Netflix first made its presence known at the Emmys with David Fincher’s political drama “House of Cards,” starring two-time Oscar winner Kevin Spacey and Robin Wright. It scored nine nominations for its first season in 2013, including Best Drama Series, but then its second season earned 13 nominations in 2014. That is currently the record for the most bids for a Netflix program in a single year. “The Crown” and “Stranger Things” prepare to make their debut at the Emmys this year, so they will look to surpass “House of Cards” to set a new record and stake a claim as the premier drama on Netflix.
“Stranger Things,” which premiered last July, tells the story of a group of young misfits in the 1980s who set out to find their missing friend with the help of a mysterious girl, Eleven (Millie Bobby Brown). Meanwhile, the police sheriff (David Harbour) and the boy’s grieving mother (Winona Ryder) confront mystical forces in their own efforts to get him back. The show picked up Golden Globe nominations for Best TV Drama Series and Best TV Drama Actress (Ryder). Then Ryder and her scene-stealing co-star Brown were both nominated at the SAG Awards for Best Drama Actress, and the show won Best Drama Ensemble, making history as the first Netflix drama to do so.
“The Crown” premiered a few months later in November. It’s Netflix’s most ambitious production to date, reportedly costing $125 million. It’s about the early reign of Britain’s Queen Elizabeth II and has a pedigree that’s hard to ignore. All 10 episodes in season one were written by Peter Morgan, who won a Golden Globe and was nominated at the Oscars for his original screenplay for “The Queen” (2006). He also received Golden Globe and Oscar nominations for his adapted script for “Frost/Nixon” (2008). Morgan has long been an expert in portraying Her Majesty, having also penned the original play “The Audience,” which won its star Helen Mirren a Tony in 2015.
Netflix’s investment has definitely paid off. “The Crown” won the streaming service its first Golden Globe for Best TV Drama Series. Claire Foy also picked up Best TV Drama Actress for her portrayal of Queen Elizabeth, and John Lithgow was nominated for Best TV Supporting Actor for playing Winston Churchill. Then at the SAG Awards both Foy and Lithgow took home individual acting prizes for Best Drama Actress and Best Drama Actor, while the cast was also nominated for Best Drama Ensemble. With the “Stranger Things” victory in the Ensemble contest, this marked the first time Netflix swept SAG’s drama categories.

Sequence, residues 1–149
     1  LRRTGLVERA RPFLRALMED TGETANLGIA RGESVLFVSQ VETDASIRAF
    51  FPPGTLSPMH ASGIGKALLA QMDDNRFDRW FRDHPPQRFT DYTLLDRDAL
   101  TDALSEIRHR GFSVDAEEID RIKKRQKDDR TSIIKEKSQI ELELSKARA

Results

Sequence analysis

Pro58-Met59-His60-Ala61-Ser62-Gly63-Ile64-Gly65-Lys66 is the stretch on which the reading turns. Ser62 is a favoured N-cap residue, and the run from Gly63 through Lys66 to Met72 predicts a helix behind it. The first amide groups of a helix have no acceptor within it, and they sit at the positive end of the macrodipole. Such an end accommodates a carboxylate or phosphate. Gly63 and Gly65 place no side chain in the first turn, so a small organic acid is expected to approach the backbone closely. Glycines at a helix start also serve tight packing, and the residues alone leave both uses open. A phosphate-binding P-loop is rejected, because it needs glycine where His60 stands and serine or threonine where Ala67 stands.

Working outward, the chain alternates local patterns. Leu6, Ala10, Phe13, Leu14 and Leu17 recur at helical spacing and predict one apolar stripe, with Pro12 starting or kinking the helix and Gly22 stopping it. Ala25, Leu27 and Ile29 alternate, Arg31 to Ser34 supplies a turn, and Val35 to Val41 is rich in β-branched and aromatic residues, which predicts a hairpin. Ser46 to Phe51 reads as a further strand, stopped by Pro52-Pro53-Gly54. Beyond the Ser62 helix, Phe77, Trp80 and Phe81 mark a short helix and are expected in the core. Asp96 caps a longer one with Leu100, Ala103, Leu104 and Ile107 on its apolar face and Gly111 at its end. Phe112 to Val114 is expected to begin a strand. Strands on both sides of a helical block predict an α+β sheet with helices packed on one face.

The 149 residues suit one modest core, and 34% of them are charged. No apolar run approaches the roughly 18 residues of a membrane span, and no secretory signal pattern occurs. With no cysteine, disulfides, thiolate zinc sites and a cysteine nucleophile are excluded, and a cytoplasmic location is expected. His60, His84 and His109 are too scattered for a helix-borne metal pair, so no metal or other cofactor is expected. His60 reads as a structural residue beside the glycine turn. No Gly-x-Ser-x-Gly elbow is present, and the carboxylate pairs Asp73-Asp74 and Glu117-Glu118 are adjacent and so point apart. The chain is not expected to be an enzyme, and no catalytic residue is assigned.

“Stranger Things” doesn’t premiere its second season until Halloween, so it won’t have new episodes to flaunt while Emmy voters are considering season one. That could be a disadvantage for the series. Another potential roadblock is its youthful cast: Emmy voters don’t usually take kids seriously, which could potentially limit the amount of acting nominations it receives.
On the plus side, “Stranger Things” did receive lots of crucial support from industry guilds. That includes a surprise victory at the PGA Awards for Best Drama Series, a DGA Award nomination for Matt Duffer and Ross Duffer (“Chapter One: The Vanishing of Will Byers”) and two WGA Award nominations for Best Dramatic Series and Best New Series. But what will ultimately make or break the show’s nominations total is how many below-the-line nominations it can rack up. In total 14 different guilds either awarded or nominated “Stranger Things,” so it looks like it’s in great shape going into the summer’s Emmy gauntlet.
“The Crown” did not perform as well as “Stranger Things” at the guild awards, but still was able to make an impression. It earned nominations and wins from five different industry groups. However, the BAFTA TV Awards might have dropped a hint as to how “The Crown” will perform stateside: it received 12 nominations from the Brits. Those included the following:
Best Drama Series
Best Drama Actress (Foy)
Best Drama Supporting Actor (Lithgow, and Jared Harris as King George VI)
Best Drama Supporting Actress (Vanessa Kirby for her portrayal of Princess Margaret)
Best Costume Design
Best Drama Director for Stephen Daldry (“Hyde Park Corner”)
Best Photography & Lighting
Best Production Design
Best Special Visual and Graphic Effects
Best Titles and Graphic Identity
Best Drama Writing (Morgan)
If “The Crown” should repeat in all of its corresponding categories at the Emmys it will still need some extra help to get it past 13: perhaps Matt Smith (who portrays Prince Philip) for Best Drama Actor, and/or a few more below-the-line citations?
However, “House of Cards” will release its fifth season on May 30, right at the very end of the eligibility period, so it’ll be the drama freshest in mind to Emmy voters. It is possible that with its timely political themes it may be the one to break its own record of 13 nominations. The two-time reigning Emmy winner for Best Drama Series, HBO’s “Game of Thrones,” isn’t airing episodes during this eligibility period, so this could be Netflix’s best chance to finally take home the series prize.
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